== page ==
The Construction of Nationhood: Ethnicity, Religion and Nationalism
Cambridge University Press, Nov 6, 1997 - History - 235 pages
The Construction of Nationhood, first published in 1997, is a thorough re-analysis of both nationalism and nations. In particular it challenges the current 'modernist' orthodoxies of such writers as Eric Hobsbawm, Benedict Anderson and Ernest Gellner, and it offers a systematic critique of Hobsbawm's best-selling Nations and Nationalism since 1780. In opposition to a historiography which limits nations and nationalism to the eighteenth century and after, as an aspect of 'modernisation', Professor Hastings argues for a medieval origin to both, dependent upon biblical religion and the development of vernacular literatures. While theorists of nationhood have paid mostly scant attention to England, the development of the nation-state is seen here as central to the subject, but the analysis is carried forward to embrace many other examples, including Ireland, the South Slavs and modern Africa, before concluding with an overview of the impact of religion, contrasting Islam with Christianity, while evaluating the ability of each to support supra-national political communities.
What people are saying - Write a review
We haven't found any reviews in the usual places.
Common terms and phrases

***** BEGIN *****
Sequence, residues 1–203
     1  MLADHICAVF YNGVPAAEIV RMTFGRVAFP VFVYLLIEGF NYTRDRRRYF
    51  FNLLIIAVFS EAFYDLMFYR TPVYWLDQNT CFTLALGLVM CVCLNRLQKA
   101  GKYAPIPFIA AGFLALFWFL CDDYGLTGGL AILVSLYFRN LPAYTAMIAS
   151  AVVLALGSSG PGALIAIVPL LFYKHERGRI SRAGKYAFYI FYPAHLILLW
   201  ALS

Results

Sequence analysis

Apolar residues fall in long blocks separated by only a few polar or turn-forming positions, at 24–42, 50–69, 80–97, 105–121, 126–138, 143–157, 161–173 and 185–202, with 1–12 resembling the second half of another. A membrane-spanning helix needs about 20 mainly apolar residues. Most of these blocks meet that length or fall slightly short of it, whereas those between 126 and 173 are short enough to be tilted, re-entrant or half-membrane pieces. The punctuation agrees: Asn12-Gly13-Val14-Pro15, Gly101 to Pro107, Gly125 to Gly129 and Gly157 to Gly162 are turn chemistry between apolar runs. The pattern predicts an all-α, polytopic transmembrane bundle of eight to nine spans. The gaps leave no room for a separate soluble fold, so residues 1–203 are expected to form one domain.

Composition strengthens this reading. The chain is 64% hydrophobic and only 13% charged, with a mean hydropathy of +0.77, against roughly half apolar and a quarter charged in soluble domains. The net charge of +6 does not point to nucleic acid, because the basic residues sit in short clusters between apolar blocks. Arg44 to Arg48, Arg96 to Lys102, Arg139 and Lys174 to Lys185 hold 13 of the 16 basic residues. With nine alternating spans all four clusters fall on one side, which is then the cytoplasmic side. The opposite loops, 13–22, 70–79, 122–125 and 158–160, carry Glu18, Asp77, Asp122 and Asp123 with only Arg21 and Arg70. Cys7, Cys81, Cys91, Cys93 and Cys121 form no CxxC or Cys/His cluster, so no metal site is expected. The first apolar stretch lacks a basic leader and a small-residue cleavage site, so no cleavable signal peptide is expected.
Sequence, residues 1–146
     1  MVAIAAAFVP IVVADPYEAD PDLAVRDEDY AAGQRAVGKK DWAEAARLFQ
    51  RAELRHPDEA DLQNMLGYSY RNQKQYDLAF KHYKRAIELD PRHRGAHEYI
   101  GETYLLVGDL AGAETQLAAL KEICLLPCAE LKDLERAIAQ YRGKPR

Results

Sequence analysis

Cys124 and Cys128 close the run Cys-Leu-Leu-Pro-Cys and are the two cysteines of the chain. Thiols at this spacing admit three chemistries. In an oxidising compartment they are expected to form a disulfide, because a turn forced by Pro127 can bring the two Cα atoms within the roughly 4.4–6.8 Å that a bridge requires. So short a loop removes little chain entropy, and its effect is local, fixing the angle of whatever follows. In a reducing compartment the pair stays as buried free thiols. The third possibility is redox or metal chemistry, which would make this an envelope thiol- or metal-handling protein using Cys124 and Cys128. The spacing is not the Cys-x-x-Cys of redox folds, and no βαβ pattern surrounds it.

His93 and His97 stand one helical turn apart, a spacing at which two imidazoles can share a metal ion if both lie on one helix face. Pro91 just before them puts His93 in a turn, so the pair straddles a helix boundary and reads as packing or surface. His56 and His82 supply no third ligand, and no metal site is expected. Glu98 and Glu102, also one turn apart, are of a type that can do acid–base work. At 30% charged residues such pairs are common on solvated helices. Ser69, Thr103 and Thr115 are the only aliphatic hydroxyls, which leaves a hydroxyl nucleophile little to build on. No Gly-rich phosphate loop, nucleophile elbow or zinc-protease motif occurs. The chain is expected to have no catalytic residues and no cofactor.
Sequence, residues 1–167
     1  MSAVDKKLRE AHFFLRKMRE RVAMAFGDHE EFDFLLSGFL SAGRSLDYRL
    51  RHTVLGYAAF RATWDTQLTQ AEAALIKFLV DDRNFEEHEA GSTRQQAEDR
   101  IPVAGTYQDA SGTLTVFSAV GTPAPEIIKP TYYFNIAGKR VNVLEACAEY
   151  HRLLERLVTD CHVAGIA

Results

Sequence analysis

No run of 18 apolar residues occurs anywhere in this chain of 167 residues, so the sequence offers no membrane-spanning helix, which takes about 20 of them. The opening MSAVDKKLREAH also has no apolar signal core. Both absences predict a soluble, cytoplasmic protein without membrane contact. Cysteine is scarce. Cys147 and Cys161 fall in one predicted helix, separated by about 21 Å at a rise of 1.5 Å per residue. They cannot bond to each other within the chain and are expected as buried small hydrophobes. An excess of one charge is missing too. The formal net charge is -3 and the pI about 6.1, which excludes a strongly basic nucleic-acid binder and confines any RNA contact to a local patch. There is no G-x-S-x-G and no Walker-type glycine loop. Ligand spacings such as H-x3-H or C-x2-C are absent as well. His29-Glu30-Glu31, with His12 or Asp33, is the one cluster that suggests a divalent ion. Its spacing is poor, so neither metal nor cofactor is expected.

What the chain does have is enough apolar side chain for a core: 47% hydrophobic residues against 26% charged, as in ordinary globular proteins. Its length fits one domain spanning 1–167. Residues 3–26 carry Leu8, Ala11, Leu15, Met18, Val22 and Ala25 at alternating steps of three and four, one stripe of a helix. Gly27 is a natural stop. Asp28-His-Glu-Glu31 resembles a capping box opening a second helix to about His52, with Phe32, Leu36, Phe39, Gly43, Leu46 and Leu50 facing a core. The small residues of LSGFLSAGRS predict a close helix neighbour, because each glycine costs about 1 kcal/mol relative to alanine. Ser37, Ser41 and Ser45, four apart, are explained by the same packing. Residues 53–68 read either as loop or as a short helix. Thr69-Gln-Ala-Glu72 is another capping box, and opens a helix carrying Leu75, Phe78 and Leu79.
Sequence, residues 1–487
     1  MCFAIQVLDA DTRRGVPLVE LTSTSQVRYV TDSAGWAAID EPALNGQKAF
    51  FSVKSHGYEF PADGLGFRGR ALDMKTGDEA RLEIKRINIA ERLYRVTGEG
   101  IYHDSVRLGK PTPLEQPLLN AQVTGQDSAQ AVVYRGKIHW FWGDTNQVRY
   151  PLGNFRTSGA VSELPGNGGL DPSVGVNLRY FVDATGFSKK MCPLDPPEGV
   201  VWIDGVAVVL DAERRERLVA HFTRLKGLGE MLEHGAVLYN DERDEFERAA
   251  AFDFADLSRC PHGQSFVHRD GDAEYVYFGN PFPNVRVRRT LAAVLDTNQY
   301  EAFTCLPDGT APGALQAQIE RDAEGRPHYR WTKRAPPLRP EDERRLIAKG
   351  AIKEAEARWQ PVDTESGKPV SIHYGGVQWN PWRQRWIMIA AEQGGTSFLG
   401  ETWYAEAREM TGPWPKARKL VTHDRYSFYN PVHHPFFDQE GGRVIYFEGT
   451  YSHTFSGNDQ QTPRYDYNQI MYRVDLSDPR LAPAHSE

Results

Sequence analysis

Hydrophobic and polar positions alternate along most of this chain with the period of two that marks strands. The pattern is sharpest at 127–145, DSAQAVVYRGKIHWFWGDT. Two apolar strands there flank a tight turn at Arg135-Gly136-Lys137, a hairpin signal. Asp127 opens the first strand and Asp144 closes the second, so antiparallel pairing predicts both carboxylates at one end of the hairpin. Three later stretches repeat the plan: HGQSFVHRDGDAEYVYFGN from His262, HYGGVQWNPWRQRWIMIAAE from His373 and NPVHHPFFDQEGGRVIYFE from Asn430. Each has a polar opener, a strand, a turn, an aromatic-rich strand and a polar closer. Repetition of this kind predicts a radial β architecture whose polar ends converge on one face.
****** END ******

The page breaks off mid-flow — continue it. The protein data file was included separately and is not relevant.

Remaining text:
Africa Ages already American appear became become Bible Britain British Catholic central century Christian church claim closely consciousness consequence construction continued course Croat cultural decisive defined distinct diversity dominance early effect eighteenth Empire England English English nationalism ethnicity Europe European example existence fact France French German happened imagined impact important inevitably Ireland Irish Italy King kingdom land language late later Latin least less linguistic literary literature London medieval Muslim nation-state national identity nationalist nationhood nature never Nevertheless nineteenth century once origin Oxford particular political Press printed produced Protestant reality recognised regard religion religious remained remarkable represented role ruled Scotland seems seen sense Serb Serbia shaped shared single Slav social society sort territorial tradition translation turn unity University vernacular Wales Welsh western writing written